Fresnel Lighthouse Lens

Grade Range: K-12
Resource Type(s): Artifacts, Primary Sources
Date Posted: 3/27/2012

In the early nineteenth century, lighthouses in the United States were considered inferior to those in France and England. American mariners complained about the quality of the light emanating from local lighthouse towers, arguing that European lighthouses were more effective at shining bright beams of light over long distances. While American lighthouses relied on lamps and mirrors to direct mariners, European lighthouses were equipped with compact lenses that could shine for miles.
In 1822, French scientist Augustin-Jean Fresnel was studying optics and light waves. He discovered that by arranging a series of lenses and prisms into the shape of a beehive, the strength of lighthouse beams could be improved. His lens—known as the Fresnel lens—diffused light into beams that could be visible for miles. Fresnel designed his lenses in several different sizes, or orders. The first order lens, meant for use in coastal lighthouses, was the largest and the strongest lens. The sixth order lens was the smallest, designed for use in small harbors and ports.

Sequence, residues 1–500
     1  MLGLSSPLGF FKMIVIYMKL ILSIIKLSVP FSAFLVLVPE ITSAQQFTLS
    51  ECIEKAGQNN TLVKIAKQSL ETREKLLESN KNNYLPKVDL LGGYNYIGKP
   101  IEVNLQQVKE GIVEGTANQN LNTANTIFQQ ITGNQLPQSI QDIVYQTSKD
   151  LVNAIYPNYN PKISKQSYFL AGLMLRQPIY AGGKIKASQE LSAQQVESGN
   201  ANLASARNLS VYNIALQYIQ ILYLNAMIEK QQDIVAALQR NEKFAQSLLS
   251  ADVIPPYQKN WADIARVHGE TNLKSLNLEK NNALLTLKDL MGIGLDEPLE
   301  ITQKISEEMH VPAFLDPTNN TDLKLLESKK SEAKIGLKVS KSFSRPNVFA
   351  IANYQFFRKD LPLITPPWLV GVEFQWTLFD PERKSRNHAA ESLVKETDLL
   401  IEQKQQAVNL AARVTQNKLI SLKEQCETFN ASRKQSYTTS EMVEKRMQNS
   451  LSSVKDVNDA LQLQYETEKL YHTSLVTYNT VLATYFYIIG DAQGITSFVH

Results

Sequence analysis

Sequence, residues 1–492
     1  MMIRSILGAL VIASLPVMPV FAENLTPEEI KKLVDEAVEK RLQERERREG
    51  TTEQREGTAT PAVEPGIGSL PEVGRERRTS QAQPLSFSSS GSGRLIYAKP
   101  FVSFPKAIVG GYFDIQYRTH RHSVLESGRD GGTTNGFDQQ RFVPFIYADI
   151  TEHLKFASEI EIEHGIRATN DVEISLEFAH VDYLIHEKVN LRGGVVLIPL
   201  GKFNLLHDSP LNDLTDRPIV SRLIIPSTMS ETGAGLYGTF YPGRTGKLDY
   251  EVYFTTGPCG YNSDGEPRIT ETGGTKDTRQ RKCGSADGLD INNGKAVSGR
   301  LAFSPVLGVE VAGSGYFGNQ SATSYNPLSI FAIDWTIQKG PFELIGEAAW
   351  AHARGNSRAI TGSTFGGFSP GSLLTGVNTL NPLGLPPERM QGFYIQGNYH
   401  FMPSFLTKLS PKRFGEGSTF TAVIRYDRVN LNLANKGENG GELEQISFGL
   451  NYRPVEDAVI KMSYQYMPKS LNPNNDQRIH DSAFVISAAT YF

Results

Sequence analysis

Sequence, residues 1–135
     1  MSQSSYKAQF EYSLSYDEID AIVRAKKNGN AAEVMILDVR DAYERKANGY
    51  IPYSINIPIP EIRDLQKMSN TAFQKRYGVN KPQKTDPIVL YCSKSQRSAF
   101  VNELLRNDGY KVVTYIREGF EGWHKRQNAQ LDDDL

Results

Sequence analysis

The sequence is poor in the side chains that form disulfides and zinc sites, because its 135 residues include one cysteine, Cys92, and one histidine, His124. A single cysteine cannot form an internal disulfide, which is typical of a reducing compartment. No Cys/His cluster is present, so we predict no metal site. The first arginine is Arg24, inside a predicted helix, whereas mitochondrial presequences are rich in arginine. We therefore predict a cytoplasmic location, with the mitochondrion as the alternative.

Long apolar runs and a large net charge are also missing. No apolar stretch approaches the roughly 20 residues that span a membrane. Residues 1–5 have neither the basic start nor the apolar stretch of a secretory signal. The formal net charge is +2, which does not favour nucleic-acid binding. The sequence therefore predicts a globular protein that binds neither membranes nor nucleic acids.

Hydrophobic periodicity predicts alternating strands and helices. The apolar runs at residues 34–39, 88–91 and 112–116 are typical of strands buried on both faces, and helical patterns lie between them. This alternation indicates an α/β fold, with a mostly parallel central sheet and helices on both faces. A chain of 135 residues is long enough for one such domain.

By the 1860s, all of the lighthouses in the United States were fitted with Fresnel lenses. This lens came from a lighthouse on Bolivar Point, near Galveston, Texas. Galveston was the largest and busiest port in nineteenth-century Texas. Having a lighthouse here was imperative – the mouth of the bay provided entry to Houston and Texas City, as well as inland waterways. The Bolivar Point Light Station had second and third order Fresnel lenses over the years; this third order lens was installed in 1907. Its light could be seen from 17 miles away.
On 16-17 August 1915, a severe hurricane hit Galveston. As the storm grew worse, fifty to sixty people took refuge in the Bolivar Point Light Station. Around 9:15 PM, the light’s turning mechanism broke, forcing assistant lighthouse keeper J.B. Brooks to turn the Fresnel lens by hand. By 10 PM, the vibrations from the hurricane were so violent that Brooks began to worry the lens might shatter. He ceased turning the lens, trimmed the lamp wicks and worked to maintain a steady light through the night. The next morning, Brooks left the lighthouse to find Bolivar Point nearly swept away by the water.
Bolivar Point Light Station used this Fresnel lens until 1933. It was donated to the Smithsonian Institution by the National Park Service.